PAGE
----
We want perfect information but we rarely, if ever, get it. One area where we probably shouldn’t get perfect information in the public arena is what a team’s payroll is going to be. If the Wilpons declare from up high that the payroll is going to be XX amount of dollars, it puts the GM at a competitive disadvantage. Now, the GM should have a very strong idea what’s available, which has sadly not always been the case. But that’s a problem for another column.
As fans in the public arena, the best we can do is listen for clues and apply some common sense to the issue. As for clues, COO Jeff Wilpon said that the payroll has “absolutely opened up,” while GM Brodie Van Wagenen noted after the Wilson Ramos signing that the club still has “some real money to spend.” Meanwhile, the past two seasons the club’s Opening Day payroll has been right about $150 million. If payroll has opened up and there is still real money to spend, what’s the likely amount for this year? Is it $160 million? $170 million? Could it even advance to $180 million?
Currently, Cot’s estimates the Mets’ payroll – counting arbitration raises and filling in with club controlled salaries – at $149.2 million. Or right about where it’s been in the previous two seasons. Interestingly, it recently came to light that the Mets offered Yasmani Grandal a 4/$60 million deal that he turned down. The club was willing to spend $15 million at catcher and instead they will be paying Ramos $8.25 million. So, it’s safe to say there is at least $6 million more available.
A lot of people want the team to add a true center fielder. Others want to continue adding to the bullpen. Some even want an upgrade at third base. Of those three options, my favorite would be the middle one, adding another guy with multiple years of success to the pen. But my preferred choice would be to crack open the purse strings even more and add Bryce Harper.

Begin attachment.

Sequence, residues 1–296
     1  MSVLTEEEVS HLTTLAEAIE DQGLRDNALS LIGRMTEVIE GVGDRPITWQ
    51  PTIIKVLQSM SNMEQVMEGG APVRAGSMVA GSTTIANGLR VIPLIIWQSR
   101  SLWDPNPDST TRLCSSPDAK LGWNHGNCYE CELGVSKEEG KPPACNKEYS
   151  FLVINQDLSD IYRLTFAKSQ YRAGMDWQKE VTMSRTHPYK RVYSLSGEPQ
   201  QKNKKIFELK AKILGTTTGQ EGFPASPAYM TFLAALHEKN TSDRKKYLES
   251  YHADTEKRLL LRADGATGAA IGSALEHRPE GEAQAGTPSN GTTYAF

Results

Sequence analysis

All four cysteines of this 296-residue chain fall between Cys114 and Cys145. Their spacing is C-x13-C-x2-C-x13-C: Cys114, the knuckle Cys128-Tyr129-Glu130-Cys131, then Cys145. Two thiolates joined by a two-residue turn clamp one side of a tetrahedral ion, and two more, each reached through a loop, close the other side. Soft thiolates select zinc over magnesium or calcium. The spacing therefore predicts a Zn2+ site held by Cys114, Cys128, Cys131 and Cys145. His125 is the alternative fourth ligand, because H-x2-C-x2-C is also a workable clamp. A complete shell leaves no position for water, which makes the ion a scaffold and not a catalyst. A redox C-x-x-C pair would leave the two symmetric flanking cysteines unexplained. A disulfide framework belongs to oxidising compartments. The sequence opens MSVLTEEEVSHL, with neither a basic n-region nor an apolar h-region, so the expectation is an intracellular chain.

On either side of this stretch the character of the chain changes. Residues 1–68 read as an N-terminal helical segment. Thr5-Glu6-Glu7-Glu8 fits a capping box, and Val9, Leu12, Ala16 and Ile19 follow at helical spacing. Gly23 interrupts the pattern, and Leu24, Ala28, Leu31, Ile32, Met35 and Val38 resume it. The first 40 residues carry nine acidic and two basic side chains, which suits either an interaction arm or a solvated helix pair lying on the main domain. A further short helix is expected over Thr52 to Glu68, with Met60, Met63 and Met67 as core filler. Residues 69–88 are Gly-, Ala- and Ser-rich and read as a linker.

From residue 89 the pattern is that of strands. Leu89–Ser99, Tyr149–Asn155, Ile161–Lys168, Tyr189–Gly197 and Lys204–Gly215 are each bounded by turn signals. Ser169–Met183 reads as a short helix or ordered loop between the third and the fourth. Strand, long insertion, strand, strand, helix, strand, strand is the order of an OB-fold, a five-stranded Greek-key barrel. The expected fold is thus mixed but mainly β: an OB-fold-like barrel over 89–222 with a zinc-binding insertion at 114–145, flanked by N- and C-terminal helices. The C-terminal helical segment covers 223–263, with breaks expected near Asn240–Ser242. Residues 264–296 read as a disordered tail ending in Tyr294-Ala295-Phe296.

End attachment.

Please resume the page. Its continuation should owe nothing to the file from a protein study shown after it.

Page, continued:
As mentioned earlier in the offseason, Harper comes with some baggage. He also comes with a 9.3 fWAR season on his resume. No other player has the ability to push the team forward as much as Harper. You can hate his personality, you can hate his lack of hustle and you can even hate his hair. But my preference would be to have a superstar starting with his age 26 season patrolling right field for the Mets.
Right now it’s less interesting to me to try and change your mind on Harper than it is to come up with a proposal that might be able to land Harper in Queens. It’s going to take a contract that rivals – and probably surpasses – the overall dollar value that Giancarlo Stanton pulled in, while also offering complex opt outs and option years, like the deal that Jake Arrieta signed last offseason.
Stanton signed a 13/$325 million deal that also included a team option for 2028, albeit with a $10 million buyout. The deal included a full no-trade clause, along with the right to opt out following the 2020 season. The top annual salary was $32 million, which he pulls in 2023-2025. The first three years of the deal, Stanton earned $6.5 million, $9 million and $14.5 million.